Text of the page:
I was captivated by the fact that here we have a womyn that was doing it all, balancing it all. She was a wife, student, and mother. She didn’t feel the need to choose one over the other. I loved the fact that they didn’t make it easy, they didn’t romanticize it, as some directors or others might have. She was challenged every step of the way, but she pulled through.

I think this was what really hit home for me, because you have a womyn that is dealing with sexism on a daily and reminded constantly that she is taking the spot intended for a man. I’m sure her professors didn’t care if her husband or child were sick, she would still have to turn assignments in on time. All with the added pressure of having to turn in quality papers. I’m sure she knew, as you and I know, her work would have to be nothing less than perfection. For anyone that has ever gone through something like this, you know that they are going to scrutinize your work and mark you for every little damn thing they can.

She is dealing with all of this sexism at school and would still rush home to take care of her household.

Do you see where I’m going with this?

She was balancing. She was doing what felt right for her. Not what was expected of her. Nowadays, we are told that we cannot have it all. We cannot be successful and raise a family. We are oftentimes made to believe that if we decide to have a family we cannot have a career. Or if we have a career we cannot have a family. I’ve even heard some say “..a successful woman is intimidating to a good man,” I’m not making this up.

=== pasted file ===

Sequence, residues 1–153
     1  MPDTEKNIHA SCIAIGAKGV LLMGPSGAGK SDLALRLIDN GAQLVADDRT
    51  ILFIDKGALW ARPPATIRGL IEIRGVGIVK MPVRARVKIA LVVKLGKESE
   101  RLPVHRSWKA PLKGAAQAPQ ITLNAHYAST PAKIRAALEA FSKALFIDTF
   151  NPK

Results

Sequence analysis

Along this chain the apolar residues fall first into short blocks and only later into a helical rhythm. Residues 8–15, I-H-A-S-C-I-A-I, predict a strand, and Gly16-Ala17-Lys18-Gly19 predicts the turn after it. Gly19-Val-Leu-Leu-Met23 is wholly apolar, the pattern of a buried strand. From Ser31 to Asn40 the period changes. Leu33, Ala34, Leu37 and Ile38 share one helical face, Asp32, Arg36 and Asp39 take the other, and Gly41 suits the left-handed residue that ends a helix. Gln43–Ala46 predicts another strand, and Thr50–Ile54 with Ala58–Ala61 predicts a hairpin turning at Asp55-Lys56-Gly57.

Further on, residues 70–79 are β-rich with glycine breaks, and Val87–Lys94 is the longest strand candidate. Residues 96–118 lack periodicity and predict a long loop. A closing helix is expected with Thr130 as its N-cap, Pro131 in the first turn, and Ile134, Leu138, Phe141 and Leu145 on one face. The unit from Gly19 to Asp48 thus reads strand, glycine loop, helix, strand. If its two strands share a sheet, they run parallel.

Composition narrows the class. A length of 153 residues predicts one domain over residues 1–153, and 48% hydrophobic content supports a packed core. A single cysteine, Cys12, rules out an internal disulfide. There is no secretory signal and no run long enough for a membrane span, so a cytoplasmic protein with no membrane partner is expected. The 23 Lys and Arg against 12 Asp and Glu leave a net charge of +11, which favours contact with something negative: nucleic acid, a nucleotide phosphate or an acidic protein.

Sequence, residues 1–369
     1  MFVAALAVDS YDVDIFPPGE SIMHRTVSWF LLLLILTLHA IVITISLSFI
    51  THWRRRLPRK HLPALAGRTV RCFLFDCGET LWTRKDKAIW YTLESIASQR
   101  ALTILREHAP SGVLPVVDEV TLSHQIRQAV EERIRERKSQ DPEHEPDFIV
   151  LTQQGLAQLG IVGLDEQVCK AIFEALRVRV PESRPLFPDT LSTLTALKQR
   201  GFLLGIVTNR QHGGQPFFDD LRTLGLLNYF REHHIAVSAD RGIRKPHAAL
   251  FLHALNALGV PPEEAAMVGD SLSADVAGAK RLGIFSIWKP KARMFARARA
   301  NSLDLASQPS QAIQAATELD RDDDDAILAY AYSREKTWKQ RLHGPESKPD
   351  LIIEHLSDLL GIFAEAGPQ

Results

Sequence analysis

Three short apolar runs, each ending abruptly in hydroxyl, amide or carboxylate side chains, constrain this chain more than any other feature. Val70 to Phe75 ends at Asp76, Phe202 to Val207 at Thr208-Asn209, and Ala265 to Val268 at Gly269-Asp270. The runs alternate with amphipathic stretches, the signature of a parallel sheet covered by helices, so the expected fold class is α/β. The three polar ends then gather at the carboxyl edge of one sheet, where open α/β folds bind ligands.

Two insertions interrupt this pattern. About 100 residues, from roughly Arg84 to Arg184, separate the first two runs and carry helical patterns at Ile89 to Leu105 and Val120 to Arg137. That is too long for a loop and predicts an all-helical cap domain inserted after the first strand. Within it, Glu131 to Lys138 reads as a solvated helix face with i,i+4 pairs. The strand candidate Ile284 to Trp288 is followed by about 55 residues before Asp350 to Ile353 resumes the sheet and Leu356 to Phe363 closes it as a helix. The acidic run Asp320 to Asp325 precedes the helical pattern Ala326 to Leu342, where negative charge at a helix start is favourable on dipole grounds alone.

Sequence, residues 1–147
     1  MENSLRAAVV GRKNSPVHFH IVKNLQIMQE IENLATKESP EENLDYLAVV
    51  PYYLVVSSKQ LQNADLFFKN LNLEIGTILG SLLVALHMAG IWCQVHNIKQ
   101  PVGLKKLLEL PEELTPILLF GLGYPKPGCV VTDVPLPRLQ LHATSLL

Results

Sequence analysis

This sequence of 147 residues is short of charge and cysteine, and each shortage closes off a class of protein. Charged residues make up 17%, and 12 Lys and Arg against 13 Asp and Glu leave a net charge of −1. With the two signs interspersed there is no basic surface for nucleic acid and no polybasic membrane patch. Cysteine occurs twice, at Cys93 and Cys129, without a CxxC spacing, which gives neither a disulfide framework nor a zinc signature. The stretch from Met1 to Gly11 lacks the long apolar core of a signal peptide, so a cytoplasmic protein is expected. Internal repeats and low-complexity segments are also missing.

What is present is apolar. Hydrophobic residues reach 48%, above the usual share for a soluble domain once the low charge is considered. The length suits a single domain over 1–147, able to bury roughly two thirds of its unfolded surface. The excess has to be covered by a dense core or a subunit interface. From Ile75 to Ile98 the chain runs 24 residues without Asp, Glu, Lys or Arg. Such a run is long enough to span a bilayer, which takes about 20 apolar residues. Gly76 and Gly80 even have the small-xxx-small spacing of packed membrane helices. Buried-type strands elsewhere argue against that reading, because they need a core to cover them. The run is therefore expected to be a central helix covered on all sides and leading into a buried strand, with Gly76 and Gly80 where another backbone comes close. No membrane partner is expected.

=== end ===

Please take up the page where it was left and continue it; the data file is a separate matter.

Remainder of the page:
This movie showcases a man that was equally successful as he was intelligent supporting his wife. Not just with a “you can do it Ruth baby!” but with actions, he would stay home and take care of the family and of Ruth. Yes, a man that was as successful as he was, would stay home to watch the kids and cook for his wife.

If you want to hear more about this, I recommend you watch the “Notorious RBG” documentary, you can find it streaming on HULU. It dives in deeper into their relationship and the role he played in her career.

There could also be some that argue that you are going against feminism by wanting to take care of your family. They will argue that this is something that has been ingrained in our brain by men to help feed into their ego. I’ve heard this. I’ve actually heard a lot worse.

However, Justice Bader Ginsburg is showing us that we really can have it all. It’s not easy and it requires what might seem as supernatural strength to keep on going at times. But you can.have.it.ALL. You can have a family, an education, a career, and guess what you can also have big dreams.

I’m not blind. Yes, she was/is a white woman, that in itself already puts her ahead of the game. I can’t lie, I kept asking myself: “Who is funding her life? How are her bills and rent getting paid if both her and Marty are in school?” Probably because those were the things was worried about when I was in school. I’m a woman of color and I became a single mother during my last year of grad school. Things were harder, but I still did it. I think that’s why this movie resonated with me, I was told by a professor, who was also the program director, to quit. Did I mention it was a she and not a him? That not only pissed me off but I was on a mission to prove her wrong. I graduated, it took me longer but I finished.